1.5 Foreign Currency Foreign currency transactions are translated to Australian currency at the rates of exchange ruling at the dates of the transactions. Amounts receivable and payable in foreign currencies at balance date are translated at the rates of exchange ruling at that date. Exchange differences relating to amounts payable and receivable in foreign currencies are brought to account as exchange gains or losses in the Operating Statement.


1.5 Foreign Currency (continued) Hedges

All non-specific hedge transactions are recorded at the spot rate at the date of the transaction. Hedges outstanding at balance date are translated at the rates of exchange ruling on that date and any exchange gains or losses are brought to account in the Operating Statement.

Where hedge transactions are designed to hedge the purchase or sale of goods or services, exchange differences arising up to the date of purchase or sale, together with any costs or gains arising at the time of entering into the hedge, are included in the measurement of the purchase or sale.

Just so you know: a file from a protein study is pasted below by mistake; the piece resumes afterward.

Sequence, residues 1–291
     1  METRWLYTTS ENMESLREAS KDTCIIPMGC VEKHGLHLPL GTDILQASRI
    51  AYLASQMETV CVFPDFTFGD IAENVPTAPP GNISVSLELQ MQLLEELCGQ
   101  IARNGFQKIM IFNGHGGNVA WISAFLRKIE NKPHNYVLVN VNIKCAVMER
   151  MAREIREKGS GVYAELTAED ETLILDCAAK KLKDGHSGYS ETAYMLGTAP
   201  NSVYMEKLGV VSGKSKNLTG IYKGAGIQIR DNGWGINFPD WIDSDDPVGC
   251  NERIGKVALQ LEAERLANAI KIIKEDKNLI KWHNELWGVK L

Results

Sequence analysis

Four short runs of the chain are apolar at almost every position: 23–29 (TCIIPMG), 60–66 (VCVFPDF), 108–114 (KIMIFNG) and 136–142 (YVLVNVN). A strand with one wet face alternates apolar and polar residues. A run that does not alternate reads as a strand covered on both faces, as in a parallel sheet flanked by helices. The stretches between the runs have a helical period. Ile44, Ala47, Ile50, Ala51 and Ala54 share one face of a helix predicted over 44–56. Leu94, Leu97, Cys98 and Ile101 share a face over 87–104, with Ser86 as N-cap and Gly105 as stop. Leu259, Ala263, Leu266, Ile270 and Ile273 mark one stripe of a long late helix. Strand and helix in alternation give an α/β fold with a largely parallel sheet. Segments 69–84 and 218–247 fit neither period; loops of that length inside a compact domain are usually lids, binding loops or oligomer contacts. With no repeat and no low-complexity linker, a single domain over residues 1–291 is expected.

1.6 Income Tax

In accordance with section 53 of the Science and Industry Research Act, CSIRO is not subject to income tax.

1.7 Insurance

CSIRO has adopted a risk management policy which includes external insurance cover for a range of risks including industrial special risks, professional indemnity, public and product liability and motor vehicles. The insurance cover is designed to protect CSIRO from extreme losses in excess of normal self insurance.

1.8 Reporting by Segments

CSIRO principally operates in the field of scientific and industrial research and development in Australia with a small overseas presence related to specific Australian research objectives. It is therefore considered that for segment reporting, it operates in one industry (scientific research and development) and one geographical location.